Wednesday, February 12, 2014

Russian Dacha Gardening

With the growth of large scale commercial agriculture over recent years, there is increasing concern about the need for diversity in size and scale to provide resiliency to our food system as a whole. Americans have become increasingly dependent on outside sources for our food, with most of us dependent upon grocery stores with their 3 day supply of food being constantly trucked in. A need to re-examine our food distribution system is being advocated by many concerned by recent estimates 30–40% of food waste that happens before the food even reaches our homes.  There is a growing consensus that we must find way to curb our increasing use of petroleum for transportation, to power the mining equipment extracting the minerals used to replace those lost in the soil, and for herbicides, pesticides and petro-chemical based fertilizers.

Stephen Scott, co-owner of Terroir Seeds, suggests we consider the example of Russia, growing almost half of its total food production in home gardens in a difficult and short-season climate.  What might we learn to help us support more local, small-scale, sustainable agriculture in the United States?
It appears many dachas operate mostly function outside of the cash economy, with dacha gardeners sharing their surplus with relatives and friends after saving enough to feed themselves through the winter, and only then considering selling what remains. Scott suggests that traditional economic calculations fail to realize the additional value and benefits of a dacha gardens that serve as an important means of active leisure as well as a way to reconnect with the land.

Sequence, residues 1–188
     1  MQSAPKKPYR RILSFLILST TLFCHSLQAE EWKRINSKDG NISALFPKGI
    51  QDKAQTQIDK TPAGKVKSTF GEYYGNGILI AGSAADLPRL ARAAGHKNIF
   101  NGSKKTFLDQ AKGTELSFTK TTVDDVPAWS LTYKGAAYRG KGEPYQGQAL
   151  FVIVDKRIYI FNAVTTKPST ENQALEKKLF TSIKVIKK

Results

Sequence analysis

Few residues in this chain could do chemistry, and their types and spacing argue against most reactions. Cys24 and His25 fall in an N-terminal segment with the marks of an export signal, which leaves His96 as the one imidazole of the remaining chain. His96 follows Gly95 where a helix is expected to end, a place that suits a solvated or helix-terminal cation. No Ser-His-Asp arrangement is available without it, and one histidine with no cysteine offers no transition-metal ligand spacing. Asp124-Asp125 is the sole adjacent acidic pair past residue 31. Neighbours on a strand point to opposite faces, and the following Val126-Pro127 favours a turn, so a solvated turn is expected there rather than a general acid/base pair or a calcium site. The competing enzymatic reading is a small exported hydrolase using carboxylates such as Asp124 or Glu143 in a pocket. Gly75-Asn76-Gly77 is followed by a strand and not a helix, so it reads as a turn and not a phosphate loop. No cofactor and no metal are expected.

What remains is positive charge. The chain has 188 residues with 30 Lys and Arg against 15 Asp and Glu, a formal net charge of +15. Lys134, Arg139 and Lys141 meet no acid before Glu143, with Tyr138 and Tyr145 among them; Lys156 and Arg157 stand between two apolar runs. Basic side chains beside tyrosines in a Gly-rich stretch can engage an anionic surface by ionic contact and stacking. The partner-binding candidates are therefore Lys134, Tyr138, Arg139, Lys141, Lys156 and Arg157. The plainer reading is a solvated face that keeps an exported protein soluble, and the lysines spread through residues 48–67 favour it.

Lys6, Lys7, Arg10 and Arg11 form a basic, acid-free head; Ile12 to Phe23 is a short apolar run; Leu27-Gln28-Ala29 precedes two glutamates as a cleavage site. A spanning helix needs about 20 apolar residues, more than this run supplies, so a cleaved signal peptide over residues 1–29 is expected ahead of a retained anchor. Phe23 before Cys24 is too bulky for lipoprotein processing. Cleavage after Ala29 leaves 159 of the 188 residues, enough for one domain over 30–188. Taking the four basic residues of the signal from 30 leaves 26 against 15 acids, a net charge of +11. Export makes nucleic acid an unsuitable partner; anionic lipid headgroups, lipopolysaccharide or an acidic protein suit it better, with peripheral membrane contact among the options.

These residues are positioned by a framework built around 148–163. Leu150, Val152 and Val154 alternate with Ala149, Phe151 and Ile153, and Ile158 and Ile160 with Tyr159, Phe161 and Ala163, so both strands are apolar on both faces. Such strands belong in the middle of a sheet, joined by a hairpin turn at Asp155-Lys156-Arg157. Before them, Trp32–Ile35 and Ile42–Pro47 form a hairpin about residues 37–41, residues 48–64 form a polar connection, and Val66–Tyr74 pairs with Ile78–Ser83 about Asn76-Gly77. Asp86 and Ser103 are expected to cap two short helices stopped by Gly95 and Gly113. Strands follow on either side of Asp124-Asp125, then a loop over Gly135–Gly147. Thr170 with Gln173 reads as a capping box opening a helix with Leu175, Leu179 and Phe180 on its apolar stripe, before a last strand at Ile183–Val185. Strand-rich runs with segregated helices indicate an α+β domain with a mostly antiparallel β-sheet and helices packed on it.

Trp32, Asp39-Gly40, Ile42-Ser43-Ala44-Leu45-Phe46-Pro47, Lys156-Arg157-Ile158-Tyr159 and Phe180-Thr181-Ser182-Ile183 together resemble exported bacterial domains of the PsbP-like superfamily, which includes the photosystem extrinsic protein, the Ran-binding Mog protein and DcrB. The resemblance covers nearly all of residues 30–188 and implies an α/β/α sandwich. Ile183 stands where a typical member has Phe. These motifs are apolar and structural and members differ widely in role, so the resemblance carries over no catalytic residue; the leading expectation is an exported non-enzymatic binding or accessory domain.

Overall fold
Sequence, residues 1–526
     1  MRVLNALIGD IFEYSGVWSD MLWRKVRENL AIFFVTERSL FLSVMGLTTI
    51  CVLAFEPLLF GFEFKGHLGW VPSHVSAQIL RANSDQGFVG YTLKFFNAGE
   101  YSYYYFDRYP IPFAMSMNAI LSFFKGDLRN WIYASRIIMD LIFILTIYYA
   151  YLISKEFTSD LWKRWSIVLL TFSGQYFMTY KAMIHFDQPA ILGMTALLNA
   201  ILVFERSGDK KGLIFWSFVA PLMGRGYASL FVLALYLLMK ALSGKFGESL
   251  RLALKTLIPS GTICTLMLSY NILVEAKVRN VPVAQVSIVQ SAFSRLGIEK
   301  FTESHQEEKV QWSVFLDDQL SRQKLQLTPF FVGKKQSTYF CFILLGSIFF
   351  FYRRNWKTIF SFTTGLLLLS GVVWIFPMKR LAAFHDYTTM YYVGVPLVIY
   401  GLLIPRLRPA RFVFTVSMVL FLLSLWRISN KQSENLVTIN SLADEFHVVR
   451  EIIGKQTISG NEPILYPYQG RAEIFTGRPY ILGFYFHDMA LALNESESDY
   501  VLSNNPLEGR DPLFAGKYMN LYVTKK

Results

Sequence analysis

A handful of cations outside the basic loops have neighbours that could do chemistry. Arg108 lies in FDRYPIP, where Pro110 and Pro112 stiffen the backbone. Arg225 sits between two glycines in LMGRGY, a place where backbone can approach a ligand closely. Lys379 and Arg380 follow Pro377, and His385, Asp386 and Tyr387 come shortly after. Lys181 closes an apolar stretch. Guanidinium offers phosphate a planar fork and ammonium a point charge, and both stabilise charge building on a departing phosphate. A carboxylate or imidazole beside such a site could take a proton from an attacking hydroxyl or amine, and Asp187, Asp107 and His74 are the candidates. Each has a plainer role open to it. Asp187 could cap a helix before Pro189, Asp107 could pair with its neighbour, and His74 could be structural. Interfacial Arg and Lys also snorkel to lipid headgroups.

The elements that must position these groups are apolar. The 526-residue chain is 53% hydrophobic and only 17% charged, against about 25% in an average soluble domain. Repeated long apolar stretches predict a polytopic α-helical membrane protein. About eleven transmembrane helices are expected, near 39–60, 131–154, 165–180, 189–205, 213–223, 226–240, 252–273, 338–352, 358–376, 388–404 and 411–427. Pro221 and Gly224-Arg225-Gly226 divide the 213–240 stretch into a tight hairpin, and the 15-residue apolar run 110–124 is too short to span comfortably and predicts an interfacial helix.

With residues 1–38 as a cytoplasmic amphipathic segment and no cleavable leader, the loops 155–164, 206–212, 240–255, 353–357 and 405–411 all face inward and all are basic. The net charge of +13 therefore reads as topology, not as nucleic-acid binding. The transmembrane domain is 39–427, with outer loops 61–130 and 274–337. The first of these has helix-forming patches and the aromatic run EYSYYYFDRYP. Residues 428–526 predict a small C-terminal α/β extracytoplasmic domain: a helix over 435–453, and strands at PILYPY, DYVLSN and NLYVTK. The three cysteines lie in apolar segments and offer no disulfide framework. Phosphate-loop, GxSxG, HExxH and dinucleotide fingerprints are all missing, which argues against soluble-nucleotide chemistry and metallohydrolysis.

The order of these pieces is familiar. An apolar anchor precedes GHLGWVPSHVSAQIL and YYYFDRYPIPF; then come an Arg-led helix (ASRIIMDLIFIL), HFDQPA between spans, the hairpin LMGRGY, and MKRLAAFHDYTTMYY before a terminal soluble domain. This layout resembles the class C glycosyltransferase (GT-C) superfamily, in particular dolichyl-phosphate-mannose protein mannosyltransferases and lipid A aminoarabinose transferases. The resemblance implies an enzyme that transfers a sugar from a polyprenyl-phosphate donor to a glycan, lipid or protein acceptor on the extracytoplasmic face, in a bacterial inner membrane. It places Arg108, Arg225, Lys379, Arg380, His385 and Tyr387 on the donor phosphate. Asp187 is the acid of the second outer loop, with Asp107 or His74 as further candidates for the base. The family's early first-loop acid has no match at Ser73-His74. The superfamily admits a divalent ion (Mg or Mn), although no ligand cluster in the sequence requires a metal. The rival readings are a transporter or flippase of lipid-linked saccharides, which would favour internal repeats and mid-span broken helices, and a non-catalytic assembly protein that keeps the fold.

So how did these dacha gardens come to be such an important source of food for the Russian people?

Cousin Irene's mother's family's dacha 

Chris' cousin, Irene, visits family dacha in Kaluga
(appears to be 2-3 hours outside of Moscow)

Dachas, from the verb “davat’” (to give), were originally plots of land distributed by the Tsar in the 17th century.  Dachas were given as awards to prominent writers, poets, musicians, composers, scientists, and top-ranking generals. As soon as the person fell out of favor, his or her dacha was the first item to be taken away. With rapid growth in the urban population during the Industrial Revolution, increasing numbers of upper and middle class Russians began to escape the heavily polluted cities to a summer retreat in the country.
After the Bolshevik revolution of 1917, most dachas were nationalized. Some were converted into vacation homes for the working class, while the better quality homes were distributed among the prominent functionaries of the Communist Party and the newly emerged cultural and scientific elite. The construction of new dachas was restricted until the late 1940s, requiring the special approval of the Communist Party leadership.
Following the devastation and hunger of World War II and the failure of the centrally planned Soviet agricultural programme to supply enough fresh produce, the number of squatters grew geometrically The government had no choice but to officially recognise their right to amateur farming. Due to the desire to keep workers in the big cities, the size of the allotment for dachas, typically “zero point zero six of a hectare”,  was too small for most people to live on permanently.  A typical plot of land was surrounded by berry trees and shrubs with a small house and a hut for storing garden tools. Around the house there were rows of plants and vegetables.At the beginning of the 1960s the number of fruit trees that could be planted was heavily regulated by the rules of the dacha settlement to make the area visually pleasing.